If desired, this same transition threshold may be utilized when the act trend signal trends downward. In this case, it will be applied as a negative value. That is, the transition from Moderate to Low may be moved downwards from 40 to 5 less than 40, or 35.

This same transition threshold may be applied to other transitions associated with the act_trend signal 147. For instance, assume that a definition of High is created that is associated with a range of 80-100. As was the case described above, the transition from Moderate to High will not occur until the act trend signal reaches a value of 80+5, or 85. Similarly, the transition back to Moderate will not occur until the act trend signal reaches a value of 80±5, or 75.

If desired, two different transition thresholds may be utilized, one being associated with an upward signal trend, and a different transition threshold being associated with a downward trend. For instance, the transition threshold of 5 may be utilized when the act_trend signal is trending upward such that a switch from Moderate to High will not occur until a level of 86 is reached. However, a different transition threshold of 10 may be utilized, for instance, when the signal trends downward. In this case, the transition back to Moderate will not occur until the act_trend signal reaches 80−10, or 70. As was the case described above, use of two different transition thresholds in this manner prevents oscillation between two activity states if the patient is at an activity level that is substantially at a boundary.

In yet another embodiment, the transition threshold(s) may be specific to a particular transition. For instance, in an embodiment wherein the Low, Moderate, and High definitions are in use in the manner described above, each possible transition between defined activity levels (e.g., Low/Moderate, Moderate/Low, Moderate/High, High/Moderate, Low/High, High/Low) may be associated with a single unique transition threshold, or two unique transition thresholds (one for upward trends and another for downward trends).

In all of the foregoing embodiments, the transition thresholds that are in use at a given time may be selected based on current posture state data 55.

According to another aspect of the disclosure, transition durations may be utilized. A transition duration is the amount of time a signal level must remain above or below a transition threshold before a change in activity state will be detected. As an example, recall the foregoing example in which the transition threshold is 5 and the act_trend signal is transitioning from Moderate to High levels of activity such that a transition will not be detected until the signal is at 86 or higher. Further assume use of a transition duration of 10 seconds. This indicates the act trend signal must remain above 86 for at least 10 seconds before the activity state will change.

In one embodiment, a same transition duration may be selected for use with all transitions, regardless of whether the signal is trending upwards or downwards. In another embodiment, different transition durations may be used when the signal is trending upwards as compared to when it is trending downwards. In yet a different embodiment, the transition durations may be selected to be transition specific (e.g., Low/Moderate, Moderate/Low, Moderate/High, High/Moderate, Low/High, High/Low). In this latter case, the transition durations that are selected for a specific transition may be the same, or different, for upwards and downwards trends. That is, a first transition duration may be selected for an upward transition from Low to Moderate, and a different transition duration may be selected for a downward transition from Moderate to Low, and so on.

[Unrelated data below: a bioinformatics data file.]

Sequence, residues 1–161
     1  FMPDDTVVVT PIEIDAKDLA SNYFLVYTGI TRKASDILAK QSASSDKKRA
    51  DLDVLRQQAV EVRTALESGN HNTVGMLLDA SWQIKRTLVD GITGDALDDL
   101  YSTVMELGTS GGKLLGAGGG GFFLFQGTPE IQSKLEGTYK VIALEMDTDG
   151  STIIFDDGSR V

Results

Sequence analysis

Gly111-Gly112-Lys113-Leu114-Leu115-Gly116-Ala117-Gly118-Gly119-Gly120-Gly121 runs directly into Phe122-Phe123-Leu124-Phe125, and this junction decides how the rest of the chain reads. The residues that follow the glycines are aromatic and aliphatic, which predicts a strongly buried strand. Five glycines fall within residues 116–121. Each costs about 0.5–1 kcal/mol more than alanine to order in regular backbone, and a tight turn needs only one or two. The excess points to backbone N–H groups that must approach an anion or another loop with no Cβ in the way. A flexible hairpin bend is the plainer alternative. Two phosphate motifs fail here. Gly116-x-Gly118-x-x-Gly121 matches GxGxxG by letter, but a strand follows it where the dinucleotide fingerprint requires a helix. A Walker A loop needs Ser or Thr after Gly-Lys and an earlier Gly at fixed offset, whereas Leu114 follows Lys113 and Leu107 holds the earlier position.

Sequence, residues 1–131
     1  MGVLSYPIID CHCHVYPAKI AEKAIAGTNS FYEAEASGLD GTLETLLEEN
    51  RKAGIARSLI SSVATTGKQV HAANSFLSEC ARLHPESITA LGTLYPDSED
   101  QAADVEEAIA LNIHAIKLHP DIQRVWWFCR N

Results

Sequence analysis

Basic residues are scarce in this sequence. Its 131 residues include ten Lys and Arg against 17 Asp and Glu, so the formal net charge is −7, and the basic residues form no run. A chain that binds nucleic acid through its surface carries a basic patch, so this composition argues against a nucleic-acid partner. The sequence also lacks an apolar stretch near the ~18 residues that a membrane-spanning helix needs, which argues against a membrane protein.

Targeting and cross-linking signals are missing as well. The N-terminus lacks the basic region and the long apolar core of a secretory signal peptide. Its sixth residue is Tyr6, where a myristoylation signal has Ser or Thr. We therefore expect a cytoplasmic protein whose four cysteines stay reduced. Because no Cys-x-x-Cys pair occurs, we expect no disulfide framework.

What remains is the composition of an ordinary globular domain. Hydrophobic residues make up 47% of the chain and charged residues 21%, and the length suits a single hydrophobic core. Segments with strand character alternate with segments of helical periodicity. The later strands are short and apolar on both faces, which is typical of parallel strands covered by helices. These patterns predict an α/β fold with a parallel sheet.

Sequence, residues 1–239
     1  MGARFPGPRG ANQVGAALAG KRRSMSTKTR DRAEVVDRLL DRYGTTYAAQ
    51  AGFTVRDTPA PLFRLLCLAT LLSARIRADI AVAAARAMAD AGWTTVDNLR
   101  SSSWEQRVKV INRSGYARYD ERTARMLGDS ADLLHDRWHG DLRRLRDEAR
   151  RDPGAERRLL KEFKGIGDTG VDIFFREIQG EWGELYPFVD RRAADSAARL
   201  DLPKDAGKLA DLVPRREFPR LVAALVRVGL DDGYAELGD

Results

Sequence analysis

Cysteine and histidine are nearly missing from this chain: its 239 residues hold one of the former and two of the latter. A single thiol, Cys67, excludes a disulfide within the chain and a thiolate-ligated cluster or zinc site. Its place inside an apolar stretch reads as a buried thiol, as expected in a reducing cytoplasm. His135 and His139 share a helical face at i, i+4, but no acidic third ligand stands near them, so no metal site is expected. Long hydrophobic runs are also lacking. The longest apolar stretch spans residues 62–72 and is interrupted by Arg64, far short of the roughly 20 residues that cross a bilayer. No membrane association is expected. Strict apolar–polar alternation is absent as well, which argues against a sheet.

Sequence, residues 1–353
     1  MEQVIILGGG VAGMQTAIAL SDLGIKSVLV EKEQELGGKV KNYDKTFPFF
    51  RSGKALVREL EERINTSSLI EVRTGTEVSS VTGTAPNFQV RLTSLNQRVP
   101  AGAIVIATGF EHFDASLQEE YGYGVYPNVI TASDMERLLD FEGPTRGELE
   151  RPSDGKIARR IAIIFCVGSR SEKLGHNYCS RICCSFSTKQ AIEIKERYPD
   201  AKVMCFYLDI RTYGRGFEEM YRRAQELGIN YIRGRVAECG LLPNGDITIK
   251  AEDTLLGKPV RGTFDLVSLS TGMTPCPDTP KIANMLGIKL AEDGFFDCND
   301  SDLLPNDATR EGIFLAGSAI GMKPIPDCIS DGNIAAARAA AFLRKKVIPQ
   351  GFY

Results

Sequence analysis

In any of the embodiments, the transition durations may be selected based on current posture state data 55. The transition durations may be used either alone, or in conjunction with, transition thresholds. Many possibilities are available. For instance, some, or all, of the transition thresholds may be set to 0 such that the boundaries appearing in the activity state definitions are used to determine an activity state transition. Alternatively or additionally, some, or all, of the transition durations may be set to 0 such that re-classification of activity state occurs as the value of an activity signal crosses the boundary that triggers the transition (either the definitional boundary or the transition threshold boundary).

It may be noted that a signal provided on interface 102 to episode detector 208 may not satisfy requirements of any of definitions 55. For instance, assume that definitions have only been created for Low and High levels of activity according to the associated ranges set forth above in the foregoing examples. The intermediate range of signal levels 41-80 has not been associated with any definition. Thus, if the act_trend signal trends upward out of the range for the Low activity classification, the signal will not favorably compare to any of the existing definitions. In this case, episode detector 208 may provide an indication on interface 210 to convey that no episode has been detected for the patient's activity state. This same no-episode signal may be used to identify the situation wherein the patient's activity state does falls within the boundaries of an activity state definition, but the transition threshold and/or transition duration have not been met such that an episode has not been detected.